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Saint Charbel Makhlouf

Also known as: Joseph Zaroun Makhlouf


  • 24 July

  • 24 December


Son of a mule driver. Raised by an uncle who opposed the boy’s youthful piety. The boy’s favorite book was Thomas a Kempis’s The Imitation of Christ. At age 23 he snuck away to join the Baladite monastery of Saint Maron at Annaya where he took the name Charbel in memory of a 2nd century martyr. Professed his solemn vows in 1853. Ordained in 1859, becoming a heiromonk.

He lived as a model monk, but dreamed of living like the ancient desert fathers. Hermit from 1875 until his death 23 years later, living on the bare minimums of everything. Gained a reputation for holiness, and was much sought for counsel and blessing. He had a great personal devotion to the Blessed Sacrament, and was known to levitate during his prayers. Briefly paralyzed for unknown reasons just before his death. Several post-mortem miracles attributed him, including periods in 1927 and 1950 when a bloody “sweat” flowed from his corpse. His tomb has become a place of pilgrimage for Lebanese and non-Lebanese, Christian and non-Christian alike.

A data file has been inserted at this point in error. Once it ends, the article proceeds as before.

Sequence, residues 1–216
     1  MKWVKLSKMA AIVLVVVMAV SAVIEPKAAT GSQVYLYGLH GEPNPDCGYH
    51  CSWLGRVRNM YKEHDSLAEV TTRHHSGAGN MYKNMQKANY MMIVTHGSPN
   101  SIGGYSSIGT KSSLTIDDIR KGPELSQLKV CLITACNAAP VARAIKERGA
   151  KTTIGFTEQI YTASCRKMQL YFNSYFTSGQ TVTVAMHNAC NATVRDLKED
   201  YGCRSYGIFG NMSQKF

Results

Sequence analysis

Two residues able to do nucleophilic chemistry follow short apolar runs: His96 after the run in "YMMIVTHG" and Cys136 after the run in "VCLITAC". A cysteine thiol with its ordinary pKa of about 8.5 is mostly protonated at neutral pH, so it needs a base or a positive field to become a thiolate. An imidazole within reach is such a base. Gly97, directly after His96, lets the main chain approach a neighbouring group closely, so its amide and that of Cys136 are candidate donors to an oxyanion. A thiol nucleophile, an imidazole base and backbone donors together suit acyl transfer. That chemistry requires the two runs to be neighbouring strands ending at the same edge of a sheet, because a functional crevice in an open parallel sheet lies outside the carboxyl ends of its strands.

• 8 May 1828 at Beka-Kafra, Lebanon as Joseph Zaroun Makhlouf


  • 24 December 1898 at Annaya of natural causes


  • 15 July 1965 by Pope Paul VI (decree of heroic virtues)


  • 5 December 1965 by Pope Paul VI


  • 9 October 1977 by Pope Paul VI

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